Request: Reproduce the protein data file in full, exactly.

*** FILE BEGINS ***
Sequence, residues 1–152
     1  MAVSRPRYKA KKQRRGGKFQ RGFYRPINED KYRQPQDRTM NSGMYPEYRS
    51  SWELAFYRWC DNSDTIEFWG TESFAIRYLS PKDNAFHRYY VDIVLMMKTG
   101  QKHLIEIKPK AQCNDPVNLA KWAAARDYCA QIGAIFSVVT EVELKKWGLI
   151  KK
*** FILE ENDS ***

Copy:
Sequence, residues 1–152
     1  MAVSRPRYKA KKQRRGGKFQ RGFYRPINED KYRQPQDRTM NSGMYPEYRS
    51  SWELAFYRWC DNSDTIEFWG TESFAIRYLS PKDNAFHRYY VDIVLMMKTG
   101  QKHLIEIKPK AQCNDPVNLA KWAAARDYCA QIGAIFSVVT EVELKKWGLI
   151  KK